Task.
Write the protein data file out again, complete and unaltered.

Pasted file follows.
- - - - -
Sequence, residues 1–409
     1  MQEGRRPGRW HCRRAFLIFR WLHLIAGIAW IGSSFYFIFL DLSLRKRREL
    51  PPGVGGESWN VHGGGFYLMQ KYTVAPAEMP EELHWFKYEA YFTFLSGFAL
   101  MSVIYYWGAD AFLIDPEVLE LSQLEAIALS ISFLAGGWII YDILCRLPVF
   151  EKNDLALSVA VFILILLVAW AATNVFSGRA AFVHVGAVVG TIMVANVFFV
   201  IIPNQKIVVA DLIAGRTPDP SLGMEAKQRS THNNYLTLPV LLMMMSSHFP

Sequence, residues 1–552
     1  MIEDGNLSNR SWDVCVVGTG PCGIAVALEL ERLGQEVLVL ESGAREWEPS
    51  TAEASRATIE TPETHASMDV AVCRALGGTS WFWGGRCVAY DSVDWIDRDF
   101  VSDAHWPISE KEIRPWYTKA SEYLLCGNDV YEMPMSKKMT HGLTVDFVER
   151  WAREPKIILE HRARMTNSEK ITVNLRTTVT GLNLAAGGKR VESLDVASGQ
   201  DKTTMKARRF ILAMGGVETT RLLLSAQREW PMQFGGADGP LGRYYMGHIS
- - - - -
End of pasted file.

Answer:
Sequence, residues 1–409
     1  MQEGRRPGRW HCRRAFLIFR WLHLIAGIAW IGSSFYFIFL DLSLRKRREL
    51  PPGVGGESWN VHGGGFYLMQ KYTVAPAEMP EELHWFKYEA YFTFLSGFAL
   101  MSVIYYWGAD AFLIDPEVLE LSQLEAIALS ISFLAGGWII YDILCRLPVF
   151  EKNDLALSVA VFILILLVAW AATNVFSGRA AFVHVGAVVG TIMVANVFFV
   201  IIPNQKIVVA DLIAGRTPDP SLGMEAKQRS THNNYLTLPV LLMMMSSHFP

Sequence, residues 1–552
     1  MIEDGNLSNR SWDVCVVGTG PCGIAVALEL ERLGQEVLVL ESGAREWEPS
    51  TAEASRATIE TPETHASMDV AVCRALGGTS WFWGGRCVAY DSVDWIDRDF
   101  VSDAHWPISE KEIRPWYTKA SEYLLCGNDV YEMPMSKKMT HGLTVDFVER
   151  WAREPKIILE HRARMTNSEK ITVNLRTTVT GLNLAAGGKR VESLDVASGQ
   201  DKTTMKARRF ILAMGGVETT RLLLSAQREW PMQFGGADGP LGRYYMGHIS